Western Grandstand : The Montego Bay Stadium isn't cutting it
I am no fan of vandalism. In addition to being destructive, it will require resources that could be used for other useful purposes to effect repairs, which makes the entire exercise counterproductive; especially in situations that require fiscal responsibility.
With the Montego Bay Sports Complex jam-packed for last Saturday's ISSA-FLOW Cup schoolboy football fixture between Cornwall College and Rusea's, the authorities were forced to close the gates to the stadium, leaving thousands of fans on the outside hopping mad.
While some of the those fans went home bitterly disappointed, others decided to create an unholy mix between enthusiasm, indiscipline and vandalism and cut their way into the stadium, destroying sections of the perimeter fencing around the 7,500-capacity facility, creating a dangerous standing-room-only situation with more than 11,000 fans.
Although I do agree that some amount of indiscipline was involved in the unconventional method the 'fence cutters' used to enter the stadium, I find it hard to condemn them, especially those fans who turned up at the venue fully prepared to pay but were locked out because of the limited capacity of the stadium.
Anybody who understands the history, tradition and rivalry between Cornwall College and Rusea's would realise that any game between these two teams is going to attract a full house, regardless of where the game is being played. In addition, the 'must-see' mentality of many fans means they will do whatever it takes to ensure that they see the game.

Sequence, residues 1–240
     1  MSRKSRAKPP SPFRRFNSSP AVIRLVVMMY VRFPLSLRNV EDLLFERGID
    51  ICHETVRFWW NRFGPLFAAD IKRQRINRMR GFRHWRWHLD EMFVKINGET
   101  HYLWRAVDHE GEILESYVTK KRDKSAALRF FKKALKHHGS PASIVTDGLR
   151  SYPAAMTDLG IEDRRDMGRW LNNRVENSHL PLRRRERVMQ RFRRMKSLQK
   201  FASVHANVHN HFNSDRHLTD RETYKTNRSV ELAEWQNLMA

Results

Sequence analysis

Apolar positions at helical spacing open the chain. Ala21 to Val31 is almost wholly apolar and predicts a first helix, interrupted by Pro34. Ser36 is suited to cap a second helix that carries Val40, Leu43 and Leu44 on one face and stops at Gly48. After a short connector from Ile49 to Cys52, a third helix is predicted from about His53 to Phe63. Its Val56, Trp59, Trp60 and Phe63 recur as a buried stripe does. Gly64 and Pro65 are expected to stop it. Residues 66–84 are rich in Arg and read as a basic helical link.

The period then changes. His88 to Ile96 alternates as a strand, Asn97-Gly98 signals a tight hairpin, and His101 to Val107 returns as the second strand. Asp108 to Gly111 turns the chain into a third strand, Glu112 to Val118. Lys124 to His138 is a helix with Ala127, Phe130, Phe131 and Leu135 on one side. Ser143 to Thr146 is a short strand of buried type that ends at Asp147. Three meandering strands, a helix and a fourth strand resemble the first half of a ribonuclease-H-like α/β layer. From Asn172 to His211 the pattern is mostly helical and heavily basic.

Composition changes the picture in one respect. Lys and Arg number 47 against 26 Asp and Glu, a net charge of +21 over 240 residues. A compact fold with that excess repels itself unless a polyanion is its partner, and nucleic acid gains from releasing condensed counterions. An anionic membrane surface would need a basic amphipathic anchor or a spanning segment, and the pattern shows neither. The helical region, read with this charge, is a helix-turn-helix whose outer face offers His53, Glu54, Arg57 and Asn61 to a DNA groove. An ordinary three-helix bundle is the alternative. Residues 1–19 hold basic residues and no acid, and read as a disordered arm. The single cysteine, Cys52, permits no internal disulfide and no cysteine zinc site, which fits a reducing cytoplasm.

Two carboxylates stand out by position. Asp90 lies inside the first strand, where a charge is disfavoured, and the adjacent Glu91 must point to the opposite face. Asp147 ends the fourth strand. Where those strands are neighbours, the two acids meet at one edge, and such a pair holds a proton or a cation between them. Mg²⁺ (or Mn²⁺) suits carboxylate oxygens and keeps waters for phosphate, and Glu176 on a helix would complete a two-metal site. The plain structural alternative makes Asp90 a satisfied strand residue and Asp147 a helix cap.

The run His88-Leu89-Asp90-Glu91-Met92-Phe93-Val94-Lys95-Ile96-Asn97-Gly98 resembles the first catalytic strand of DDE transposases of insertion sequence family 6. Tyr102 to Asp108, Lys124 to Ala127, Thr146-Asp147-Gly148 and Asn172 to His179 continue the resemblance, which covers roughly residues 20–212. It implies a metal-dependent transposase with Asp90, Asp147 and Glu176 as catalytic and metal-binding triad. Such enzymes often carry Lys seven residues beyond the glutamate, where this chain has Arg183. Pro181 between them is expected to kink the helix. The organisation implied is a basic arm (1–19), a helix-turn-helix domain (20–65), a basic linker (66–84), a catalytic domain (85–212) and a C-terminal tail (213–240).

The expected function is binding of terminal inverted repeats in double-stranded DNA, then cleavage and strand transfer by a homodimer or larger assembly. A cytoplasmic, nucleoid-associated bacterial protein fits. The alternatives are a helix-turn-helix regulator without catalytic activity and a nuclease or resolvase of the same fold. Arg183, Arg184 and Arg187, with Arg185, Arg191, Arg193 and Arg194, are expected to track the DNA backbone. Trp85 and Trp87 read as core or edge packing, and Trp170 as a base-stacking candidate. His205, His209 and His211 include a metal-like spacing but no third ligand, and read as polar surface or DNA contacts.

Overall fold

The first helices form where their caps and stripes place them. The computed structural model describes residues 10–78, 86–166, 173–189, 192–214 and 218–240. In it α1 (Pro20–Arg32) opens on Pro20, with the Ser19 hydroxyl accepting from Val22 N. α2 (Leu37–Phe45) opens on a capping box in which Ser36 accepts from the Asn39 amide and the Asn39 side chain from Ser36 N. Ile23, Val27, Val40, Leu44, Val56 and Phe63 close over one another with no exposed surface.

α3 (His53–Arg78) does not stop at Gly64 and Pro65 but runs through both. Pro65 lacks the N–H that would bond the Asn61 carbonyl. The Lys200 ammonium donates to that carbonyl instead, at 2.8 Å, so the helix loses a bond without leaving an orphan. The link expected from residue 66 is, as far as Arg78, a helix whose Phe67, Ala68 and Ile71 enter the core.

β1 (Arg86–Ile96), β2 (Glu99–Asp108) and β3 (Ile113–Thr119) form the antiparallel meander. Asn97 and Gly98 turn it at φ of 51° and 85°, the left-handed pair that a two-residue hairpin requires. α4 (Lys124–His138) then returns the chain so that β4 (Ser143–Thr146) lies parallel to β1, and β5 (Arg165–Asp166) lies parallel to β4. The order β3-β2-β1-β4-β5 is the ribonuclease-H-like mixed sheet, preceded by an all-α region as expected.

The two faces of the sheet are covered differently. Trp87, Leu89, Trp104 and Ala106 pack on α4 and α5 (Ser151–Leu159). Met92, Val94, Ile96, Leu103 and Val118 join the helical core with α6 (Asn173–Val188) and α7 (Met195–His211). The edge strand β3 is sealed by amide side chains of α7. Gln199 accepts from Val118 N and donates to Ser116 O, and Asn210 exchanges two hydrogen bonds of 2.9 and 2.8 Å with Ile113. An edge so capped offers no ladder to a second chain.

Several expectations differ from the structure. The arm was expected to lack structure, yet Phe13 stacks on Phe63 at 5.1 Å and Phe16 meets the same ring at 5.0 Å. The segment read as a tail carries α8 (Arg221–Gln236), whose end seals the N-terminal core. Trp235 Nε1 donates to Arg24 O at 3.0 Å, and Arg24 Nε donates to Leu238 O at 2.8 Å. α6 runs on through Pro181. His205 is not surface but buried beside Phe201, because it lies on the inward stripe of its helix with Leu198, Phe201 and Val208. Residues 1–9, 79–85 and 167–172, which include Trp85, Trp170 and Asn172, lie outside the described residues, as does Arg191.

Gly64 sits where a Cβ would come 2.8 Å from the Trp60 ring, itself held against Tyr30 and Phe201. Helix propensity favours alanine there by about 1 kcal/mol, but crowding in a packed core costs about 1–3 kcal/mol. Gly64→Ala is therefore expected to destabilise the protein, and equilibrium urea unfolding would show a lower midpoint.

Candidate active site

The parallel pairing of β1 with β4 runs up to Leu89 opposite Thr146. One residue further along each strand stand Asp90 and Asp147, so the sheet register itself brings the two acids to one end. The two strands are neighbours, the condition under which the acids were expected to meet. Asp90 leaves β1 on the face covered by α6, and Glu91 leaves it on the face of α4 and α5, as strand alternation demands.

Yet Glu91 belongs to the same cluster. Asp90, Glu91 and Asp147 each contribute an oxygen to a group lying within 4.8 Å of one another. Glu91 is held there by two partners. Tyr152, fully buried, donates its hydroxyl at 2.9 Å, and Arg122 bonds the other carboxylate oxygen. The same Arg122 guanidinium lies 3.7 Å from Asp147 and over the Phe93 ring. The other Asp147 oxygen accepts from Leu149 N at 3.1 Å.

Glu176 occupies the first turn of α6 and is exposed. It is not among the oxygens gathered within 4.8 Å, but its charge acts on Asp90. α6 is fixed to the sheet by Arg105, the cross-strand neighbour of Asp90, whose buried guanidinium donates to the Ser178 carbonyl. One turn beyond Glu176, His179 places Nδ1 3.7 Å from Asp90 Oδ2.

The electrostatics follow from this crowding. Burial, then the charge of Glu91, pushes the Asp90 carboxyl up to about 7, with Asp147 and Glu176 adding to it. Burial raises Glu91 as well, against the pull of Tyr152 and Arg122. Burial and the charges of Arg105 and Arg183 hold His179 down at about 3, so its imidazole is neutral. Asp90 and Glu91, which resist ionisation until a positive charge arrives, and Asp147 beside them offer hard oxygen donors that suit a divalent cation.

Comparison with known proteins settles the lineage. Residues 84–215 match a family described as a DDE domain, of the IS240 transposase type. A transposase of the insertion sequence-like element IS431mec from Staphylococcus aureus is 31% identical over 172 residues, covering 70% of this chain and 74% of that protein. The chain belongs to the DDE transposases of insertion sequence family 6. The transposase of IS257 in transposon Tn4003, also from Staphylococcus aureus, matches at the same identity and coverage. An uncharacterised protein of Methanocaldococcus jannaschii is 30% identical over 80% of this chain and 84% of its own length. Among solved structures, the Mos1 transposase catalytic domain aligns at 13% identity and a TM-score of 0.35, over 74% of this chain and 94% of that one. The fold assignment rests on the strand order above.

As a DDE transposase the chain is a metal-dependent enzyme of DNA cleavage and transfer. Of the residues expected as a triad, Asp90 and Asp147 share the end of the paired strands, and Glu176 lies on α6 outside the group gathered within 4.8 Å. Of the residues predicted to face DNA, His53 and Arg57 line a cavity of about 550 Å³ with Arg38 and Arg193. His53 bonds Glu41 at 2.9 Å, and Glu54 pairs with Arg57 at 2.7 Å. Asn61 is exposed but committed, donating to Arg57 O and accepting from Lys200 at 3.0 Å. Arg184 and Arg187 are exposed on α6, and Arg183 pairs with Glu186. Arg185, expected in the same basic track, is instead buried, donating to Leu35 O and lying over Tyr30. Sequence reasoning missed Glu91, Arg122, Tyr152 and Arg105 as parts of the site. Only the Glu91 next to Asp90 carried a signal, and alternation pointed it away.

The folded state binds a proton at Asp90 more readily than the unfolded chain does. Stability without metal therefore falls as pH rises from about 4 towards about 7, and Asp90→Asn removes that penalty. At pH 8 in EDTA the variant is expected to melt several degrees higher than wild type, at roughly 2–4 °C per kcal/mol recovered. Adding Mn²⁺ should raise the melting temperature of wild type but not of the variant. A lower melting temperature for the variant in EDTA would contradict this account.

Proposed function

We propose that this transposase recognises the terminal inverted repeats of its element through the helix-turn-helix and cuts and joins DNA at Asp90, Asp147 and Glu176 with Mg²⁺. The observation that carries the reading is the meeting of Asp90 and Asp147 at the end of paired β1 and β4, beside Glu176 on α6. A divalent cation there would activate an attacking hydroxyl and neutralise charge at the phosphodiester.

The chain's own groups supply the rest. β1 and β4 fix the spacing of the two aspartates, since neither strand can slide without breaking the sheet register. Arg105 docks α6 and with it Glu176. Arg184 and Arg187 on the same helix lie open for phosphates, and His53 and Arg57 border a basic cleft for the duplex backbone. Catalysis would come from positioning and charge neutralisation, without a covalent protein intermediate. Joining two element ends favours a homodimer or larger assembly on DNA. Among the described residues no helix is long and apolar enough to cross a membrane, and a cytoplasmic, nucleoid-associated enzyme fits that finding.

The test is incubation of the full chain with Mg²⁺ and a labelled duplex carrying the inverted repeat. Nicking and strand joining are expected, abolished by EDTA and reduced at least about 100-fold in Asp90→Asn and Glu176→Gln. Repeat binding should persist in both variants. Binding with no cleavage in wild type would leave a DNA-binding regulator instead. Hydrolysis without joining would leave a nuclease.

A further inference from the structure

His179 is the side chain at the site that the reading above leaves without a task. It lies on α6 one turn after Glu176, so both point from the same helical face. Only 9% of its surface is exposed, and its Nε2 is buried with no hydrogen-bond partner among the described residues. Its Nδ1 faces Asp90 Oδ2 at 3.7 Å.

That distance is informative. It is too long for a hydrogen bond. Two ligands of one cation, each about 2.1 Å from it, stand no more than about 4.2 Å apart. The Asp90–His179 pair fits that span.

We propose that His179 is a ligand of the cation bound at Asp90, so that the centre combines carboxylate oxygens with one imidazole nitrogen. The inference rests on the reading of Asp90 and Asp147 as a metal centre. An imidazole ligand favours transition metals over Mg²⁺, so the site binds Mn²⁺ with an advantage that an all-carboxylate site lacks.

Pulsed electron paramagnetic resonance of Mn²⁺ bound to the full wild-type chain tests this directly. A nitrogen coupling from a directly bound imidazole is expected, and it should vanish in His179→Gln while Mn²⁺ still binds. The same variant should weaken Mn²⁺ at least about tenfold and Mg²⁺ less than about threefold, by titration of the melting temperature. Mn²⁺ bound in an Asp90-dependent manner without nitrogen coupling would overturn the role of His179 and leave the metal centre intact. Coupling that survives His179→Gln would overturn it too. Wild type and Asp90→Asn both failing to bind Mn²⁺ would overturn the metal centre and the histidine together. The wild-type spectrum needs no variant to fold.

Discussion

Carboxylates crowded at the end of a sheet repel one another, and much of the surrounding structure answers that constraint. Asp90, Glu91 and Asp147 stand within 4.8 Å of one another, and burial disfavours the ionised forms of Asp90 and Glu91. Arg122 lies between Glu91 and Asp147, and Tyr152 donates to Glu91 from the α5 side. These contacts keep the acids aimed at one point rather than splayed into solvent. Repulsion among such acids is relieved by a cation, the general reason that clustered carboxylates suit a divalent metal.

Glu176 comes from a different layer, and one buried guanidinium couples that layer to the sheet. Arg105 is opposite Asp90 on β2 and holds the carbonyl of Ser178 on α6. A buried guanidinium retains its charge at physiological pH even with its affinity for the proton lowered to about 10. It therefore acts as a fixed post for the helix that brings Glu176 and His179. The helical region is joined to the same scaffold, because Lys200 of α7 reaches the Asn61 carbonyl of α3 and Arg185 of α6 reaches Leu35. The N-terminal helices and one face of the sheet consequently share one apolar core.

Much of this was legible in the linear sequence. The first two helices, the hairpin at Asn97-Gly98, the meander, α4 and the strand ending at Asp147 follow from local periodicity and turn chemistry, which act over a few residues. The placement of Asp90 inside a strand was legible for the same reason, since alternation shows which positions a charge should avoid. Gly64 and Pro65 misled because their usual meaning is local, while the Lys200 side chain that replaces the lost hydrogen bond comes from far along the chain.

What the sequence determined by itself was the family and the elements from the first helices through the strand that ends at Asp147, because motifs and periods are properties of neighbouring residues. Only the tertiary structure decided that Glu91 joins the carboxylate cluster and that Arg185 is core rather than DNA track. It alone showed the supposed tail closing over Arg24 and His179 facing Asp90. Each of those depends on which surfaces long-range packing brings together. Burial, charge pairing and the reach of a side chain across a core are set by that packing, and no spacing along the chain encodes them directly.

It is against that background that I would like to revisit the original plan for the Montego Bay Sports Complex, which was given to the people of Montego Bay as a gift by the Venezuelan government, via the San Jose Accord. Based on what was said at the groundbreaking, the stadium should have been much bigger.
At the time of the groundbreaking, the people of Montego Bay were told that they would be getting a modern $1.4 billion 'U' shape stadium capable of seating 20,000 fans. It was further emphasised that the 'U' shape would create the scope for future expansion of the facility.
While it was never explained why the original plan was changed, resulting in the finished product being a 7,500-seat stadium, minus the curve to create the 'U,' I believe the people of Montego Bay got a raw deal from the government of the day and the Urban Development Corporation, which constructed the facility.
On the evidence of what unfolded last Saturday at the FLOW Cup game between Cornwall College and Rusea's, it is quite clear that the Montego Bay Stadium is woefully inadequate, which makes it a target for vandalism whenever there is a big game with the potential to attract more than 7,500 fans.
In addition, with Montego Bay as the nation's tourist capital, and with global sports tourism a major money-spinner, surely having such a small stadium must be a significant hindrance to whatever ambition might exist to cash in on any sports-tourism activity that might require significant seating.
In fact, when one considers that this stadium is located in an area where we have thousands of hotel rooms and numerous major attractions, I don't think it would be overambitious to be thinking of hosting an event like the Diamond League. However, the 'chicken coop-like' Montego Bay Stadium would make it impossible, so there is a need to either expand the current facility or build a bigger stadium.